The multi-million dollar polymers opportunity: continued big regional price differentials
By John Richardson
POLYMER BUYERS outside northeast (NEA) and southeast Asia (SEA) have a big opportunity to save millions of dollars on procurement costs during the rest of this year through purchasing more from the two regions.
The opportunity has arisen because I believe that NEA and SEA polymer prices will remain very cheap relative to most of the world until at least the end of 2021.
NEA comprises China, Japan, Taiwan and South Korea. Our definition of the SEA region is Cambodia, Indonesia, Malaysia, Myanmar, the Philippines, Singapore, Thailand and Vietnam.
NEA and SEA producers can also make a lot of money by constantly monitoring and acting on strong arbitrage opportunities in other regions.
As supply disruptions in the US look likely to continue, Europe and South & Central America seem particularly good opportunities for both buyers and producers.
Before we discuss why I see NEA and SEA remaining cheap relative to most of the rest of the world until at least the end of the year, let us consider in more detail the size of the prize, starting with the resin buyers.
Demand has been very strong for converters and brand owners since the pandemic began because of booming consumption of takeaway and supermarket food, hygiene products and durable goods. And any brand owner selling online (in other words, all of them) has enjoyed very strong sales.
But supply has been a major headache due to the global problem of lack of feedstock from refineries for making polymers. Winter storms shut down most US polymer capacity for several weeks during February and supply is only just getting back to normal.
This year’s US hurricane season is expected to be above average in severity. Potential power outages caused by hot summer weather may further disrupt US polymer production. The US is a major supplier of polyethylene (PE) to Europe and PE and other polymers to South & Central America.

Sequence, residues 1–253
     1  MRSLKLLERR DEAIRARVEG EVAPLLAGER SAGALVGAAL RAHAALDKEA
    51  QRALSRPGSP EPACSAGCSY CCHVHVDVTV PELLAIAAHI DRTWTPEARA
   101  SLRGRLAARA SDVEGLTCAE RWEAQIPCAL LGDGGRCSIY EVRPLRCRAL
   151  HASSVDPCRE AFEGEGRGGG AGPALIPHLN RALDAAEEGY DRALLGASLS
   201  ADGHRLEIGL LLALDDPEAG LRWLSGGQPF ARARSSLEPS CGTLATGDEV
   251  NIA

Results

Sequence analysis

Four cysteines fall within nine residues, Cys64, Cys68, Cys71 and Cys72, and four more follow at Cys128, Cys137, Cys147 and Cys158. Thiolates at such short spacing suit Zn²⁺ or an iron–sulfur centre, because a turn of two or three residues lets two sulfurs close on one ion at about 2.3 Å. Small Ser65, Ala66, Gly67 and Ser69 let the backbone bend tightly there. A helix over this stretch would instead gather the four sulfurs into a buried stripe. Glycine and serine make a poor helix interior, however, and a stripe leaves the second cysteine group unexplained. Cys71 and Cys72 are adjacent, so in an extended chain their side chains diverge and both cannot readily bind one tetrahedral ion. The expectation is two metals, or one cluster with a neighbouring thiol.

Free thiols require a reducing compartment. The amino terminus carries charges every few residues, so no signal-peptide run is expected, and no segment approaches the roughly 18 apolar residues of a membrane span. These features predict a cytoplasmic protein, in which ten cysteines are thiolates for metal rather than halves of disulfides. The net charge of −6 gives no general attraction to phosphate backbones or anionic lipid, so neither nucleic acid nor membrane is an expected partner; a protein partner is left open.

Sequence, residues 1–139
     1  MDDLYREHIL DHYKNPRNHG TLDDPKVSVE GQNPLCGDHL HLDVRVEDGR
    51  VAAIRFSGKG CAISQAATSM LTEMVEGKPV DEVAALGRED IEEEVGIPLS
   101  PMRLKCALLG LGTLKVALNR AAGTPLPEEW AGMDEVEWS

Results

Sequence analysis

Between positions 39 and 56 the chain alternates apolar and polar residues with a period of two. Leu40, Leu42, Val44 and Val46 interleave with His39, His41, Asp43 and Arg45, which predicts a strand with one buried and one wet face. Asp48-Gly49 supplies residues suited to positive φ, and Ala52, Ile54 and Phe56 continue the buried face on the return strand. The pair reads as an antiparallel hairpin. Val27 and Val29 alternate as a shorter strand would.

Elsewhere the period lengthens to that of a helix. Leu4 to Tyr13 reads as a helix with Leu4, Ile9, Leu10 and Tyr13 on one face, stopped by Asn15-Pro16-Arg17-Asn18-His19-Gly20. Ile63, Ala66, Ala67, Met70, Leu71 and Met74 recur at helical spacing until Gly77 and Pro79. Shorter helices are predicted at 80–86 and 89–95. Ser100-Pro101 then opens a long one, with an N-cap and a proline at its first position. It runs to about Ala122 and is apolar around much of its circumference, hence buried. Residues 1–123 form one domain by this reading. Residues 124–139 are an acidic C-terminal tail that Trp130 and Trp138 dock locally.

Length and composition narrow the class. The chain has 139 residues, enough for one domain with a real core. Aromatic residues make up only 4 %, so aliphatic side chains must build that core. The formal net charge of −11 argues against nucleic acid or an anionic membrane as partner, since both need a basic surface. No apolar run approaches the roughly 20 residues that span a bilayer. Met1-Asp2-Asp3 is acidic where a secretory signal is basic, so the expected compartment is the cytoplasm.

The surge in container freight costs to historic highs and insufficient container space have caused further major problems.
Some regions such as Europe have ended up incredibly tight because of the difficulty in finding container space to import polymers. Regions such as NEA and SEA, where supply is long, have struggled to export their way to more balanced markets.
Strong demand, limited supply and the container freight crisis have combined to drive pricing in regions such as Europe to historic highs. Managing extreme price volatility has been another big difficulty for polymer procurement managers.
NEA and SEA producers are confronting weak demand and increased supply in polymers such as polypropylene (PP) – along with the difficulty of finding containers to ship elsewhere.
But if the producers find the container space, the opportunity as obvious as the nose on Cyrano de Bergerac’s face: other regions can act as a relief valve for Asian producers while also generating strong profits.